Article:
From this Garden Island in the Pacific Ocean, northernmost of the Hawaiian chain that forms the world’s most remote land mass, the Church broadly serves the one billion-strong Hindu faith (fully one-sixth of the world population). The Church’s ministry is dedicated to nurturing the membership and local missions in four continents and to serving, primarily through publications, the community of Hindus throughout the world. Over the last nearly half-century, the Church has created a swami order and a theological seminary to train young men from many nations and mold them into religious leaders.

They have nurtured an extended family membership that upholds and sets new standards of personal dedication, inner effort, home culture and public protocol in these contemporary times when the lives of Hindus have brought them to nearly all countries of the world. The monastic order, their close family members and Satguru Sivaya Subramuniyaswami have worked in one-mindedness playing a crucial role in Hinduism’s transition from the agricultural era into the technological age and on into the information age.

Using modern technology the Church reports globally to a quarter-million readers through the award-winning monthly journal, Hinduism Today, and more through the Internet and the World Wide Web; translating and publishing scripture and religious literature; coordinating related graphics and art projects; collaborating and sharing resources with hundreds of individuals and institutions who share a commitment to effectively spreading Hindu Dharma; conducting children’s schools, youth retreats and gurukulams (cooperative schools); training monastics and providing for members temple services, including sacraments such as name-giving, first-feeding, marriage and funeral rites. In these efforts, we have worked closely with an advisory council of priests, panditas, shastris, swamis and aadheenakartars in India, Sri Lanka, the United States, Mauritius, Malaysia, Europe and South Africa and followed their wise advice and guidance. The congregation has grown as a strict and traditional global family of monastics, close initiates, novitiates and students.

The Himalayan Academy, founded in 1957 by Satguru Sivaya Subramuniyaswami, is a non-profit educational institution dedicated to disseminating the teachings of Saivite Hinduism through publishing Gurudeva’s abundant books on the subject, conducting Travel-Study Programs and providing a systematic study of The Master Course for serious seekers. More than 300 books have been written on Hinduism by Gurudeva and many have been translated into other languages for use in educational settings. His trilogy, “Dancing with Siva,” “Living with Siva” and “Merging with Siva” are his foremost books. Each has been through several printings. All three are popular around the world for their easy readability, and are used in American universities for Hindu courses of study and comparative religion classes.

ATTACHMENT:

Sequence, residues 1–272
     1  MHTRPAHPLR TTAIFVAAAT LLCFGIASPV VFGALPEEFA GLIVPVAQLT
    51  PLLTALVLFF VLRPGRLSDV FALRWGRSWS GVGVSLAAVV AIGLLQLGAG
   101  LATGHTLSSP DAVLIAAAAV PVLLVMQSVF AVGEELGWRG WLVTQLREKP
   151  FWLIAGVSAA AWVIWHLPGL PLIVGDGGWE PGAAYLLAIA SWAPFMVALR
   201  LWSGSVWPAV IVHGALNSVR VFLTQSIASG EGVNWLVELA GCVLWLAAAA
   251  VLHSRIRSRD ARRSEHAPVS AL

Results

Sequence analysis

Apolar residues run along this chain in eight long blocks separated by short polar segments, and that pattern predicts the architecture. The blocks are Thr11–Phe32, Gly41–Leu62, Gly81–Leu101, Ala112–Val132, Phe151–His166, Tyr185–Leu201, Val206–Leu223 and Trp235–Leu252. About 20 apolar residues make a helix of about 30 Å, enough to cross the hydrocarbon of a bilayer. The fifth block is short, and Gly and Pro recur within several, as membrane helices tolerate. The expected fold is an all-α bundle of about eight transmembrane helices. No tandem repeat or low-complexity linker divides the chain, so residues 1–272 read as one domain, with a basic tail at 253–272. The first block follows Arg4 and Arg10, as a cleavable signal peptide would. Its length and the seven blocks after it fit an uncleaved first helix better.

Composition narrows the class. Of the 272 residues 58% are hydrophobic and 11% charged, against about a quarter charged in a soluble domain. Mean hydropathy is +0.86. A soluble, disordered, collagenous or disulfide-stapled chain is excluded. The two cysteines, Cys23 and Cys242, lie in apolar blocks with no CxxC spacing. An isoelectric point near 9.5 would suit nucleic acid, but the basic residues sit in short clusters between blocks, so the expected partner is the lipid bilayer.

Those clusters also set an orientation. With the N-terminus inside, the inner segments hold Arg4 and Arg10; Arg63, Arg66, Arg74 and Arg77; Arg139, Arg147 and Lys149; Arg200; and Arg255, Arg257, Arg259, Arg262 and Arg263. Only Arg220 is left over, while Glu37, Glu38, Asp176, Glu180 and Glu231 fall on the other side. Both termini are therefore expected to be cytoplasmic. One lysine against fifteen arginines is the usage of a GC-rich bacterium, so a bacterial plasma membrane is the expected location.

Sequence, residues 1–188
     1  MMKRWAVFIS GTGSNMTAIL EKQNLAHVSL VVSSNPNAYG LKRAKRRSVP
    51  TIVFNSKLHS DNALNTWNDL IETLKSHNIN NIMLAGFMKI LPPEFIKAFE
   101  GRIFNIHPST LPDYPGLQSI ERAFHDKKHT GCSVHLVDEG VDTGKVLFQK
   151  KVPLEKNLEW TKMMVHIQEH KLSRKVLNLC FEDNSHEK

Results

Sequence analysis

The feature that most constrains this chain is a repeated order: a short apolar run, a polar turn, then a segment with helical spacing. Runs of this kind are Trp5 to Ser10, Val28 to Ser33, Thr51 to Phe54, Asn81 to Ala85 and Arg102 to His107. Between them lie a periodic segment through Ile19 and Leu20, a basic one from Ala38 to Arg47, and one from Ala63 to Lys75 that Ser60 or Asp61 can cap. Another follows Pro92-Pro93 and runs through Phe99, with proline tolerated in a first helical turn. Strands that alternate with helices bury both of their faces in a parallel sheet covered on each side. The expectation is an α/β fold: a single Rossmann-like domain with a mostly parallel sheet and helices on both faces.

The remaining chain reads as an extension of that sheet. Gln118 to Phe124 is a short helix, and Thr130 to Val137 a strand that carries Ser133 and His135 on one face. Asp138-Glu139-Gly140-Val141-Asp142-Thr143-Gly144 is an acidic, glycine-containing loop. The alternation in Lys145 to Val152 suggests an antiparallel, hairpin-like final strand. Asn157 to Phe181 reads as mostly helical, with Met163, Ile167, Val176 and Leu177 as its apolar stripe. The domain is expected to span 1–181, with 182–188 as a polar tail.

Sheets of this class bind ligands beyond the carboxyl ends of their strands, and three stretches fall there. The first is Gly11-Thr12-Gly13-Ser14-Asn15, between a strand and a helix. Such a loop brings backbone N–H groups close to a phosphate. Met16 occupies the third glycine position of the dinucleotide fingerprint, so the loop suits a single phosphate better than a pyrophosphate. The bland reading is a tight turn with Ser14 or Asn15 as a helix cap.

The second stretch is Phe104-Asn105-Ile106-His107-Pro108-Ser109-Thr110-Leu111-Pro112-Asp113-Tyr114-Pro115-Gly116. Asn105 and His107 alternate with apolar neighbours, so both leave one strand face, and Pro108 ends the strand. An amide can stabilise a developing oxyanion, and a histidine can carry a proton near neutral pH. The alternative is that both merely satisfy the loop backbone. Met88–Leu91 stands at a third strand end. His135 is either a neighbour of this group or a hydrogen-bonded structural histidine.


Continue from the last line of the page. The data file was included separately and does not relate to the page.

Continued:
The Travel-Study Programs are designed to allow followers of the Saiva Siddhanta faith to spread the teachings of Gurudeva though out the world and thereby more fully realize their own faith. The Master Course is for those seeking a more serious for of study; the course contains a trilogy of Gurudeva’s 50 years of philosophical, cultural and metaphysical teachings and experiences. The Hindu Heritage Endowment Fund helps provide Hindu institutions with a permanent and growing source of income. Individual donors may establish a fund which benefits a specific project or organization, or an institution may establish itself as the beneficiary. Donations are invested in a broadly diversified portfolio of marketable securities to provide a regular grant each year.

Currently, the fund holds fifty-nine professionally managed endowment funds that benefit orphanages, temples, ashrams, educational institutes, monasteries, homes for the elderly and various publications in Bangladesh, Fiji, India, Malaysia, Mauritius, Sri Lanka and the USA. While professionally managed the fund is overseen and managed by the monastic stewards and staff. The mission statement of the Hindu Heritage Endowment Fund or “its philanthropic mission is to provide secure, professionally managed financial support for institutions and religious leaders of all lineages of Sanatana Dharma. ” Hinduism Today is the influential, award-winning, international monthly magazine founded by Gurudeva in 1979. It is a public service of his monastic order, created to strengthen all Hindu traditions by uplifting and informing followers of the Sanatana Dharma everywhere. The magazine has the following stated goals: 1.

To foster Hindu solidarity as a unity in diversity among all sects and lineages; 2. To inform and inspire Hindus worldwide and people interested in Hinduism; 3. To dispel myths, illusions and misinformation about Hinduism; 4. To protect, preserve and promote the sacred Vedas and the Hindu religion; 5. To nurture and monitor the ongoing spiritual Hindu renaissance; 6. To publish a resource for Hindu leaders and educators who promote Sanatana Dharma. Gurudeva spells out the motivation for the magazine when he states: “Hinduism Today was created to strengthen all the many diverse expressions of Hindu spirituality, to give them a single, combined voice because everywhere else their voices were individualized.